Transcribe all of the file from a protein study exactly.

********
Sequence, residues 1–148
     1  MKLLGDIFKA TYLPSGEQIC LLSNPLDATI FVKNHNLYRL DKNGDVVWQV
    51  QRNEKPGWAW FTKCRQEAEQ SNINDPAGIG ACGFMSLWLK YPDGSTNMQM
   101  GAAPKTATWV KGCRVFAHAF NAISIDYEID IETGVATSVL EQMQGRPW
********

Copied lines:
Sequence, residues 1–148
     1  MKLLGDIFKA TYLPSGEQIC LLSNPLDATI FVKNHNLYRL DKNGDVVWQV
    51  QRNEKPGWAW FTKCRQEAEQ SNINDPAGIG ACGFMSLWLK YPDGSTNMQM
   101  GAAPKTATWV KGCRVFAHAF NAISIDYEID IETGVATSVL EQMQGRPW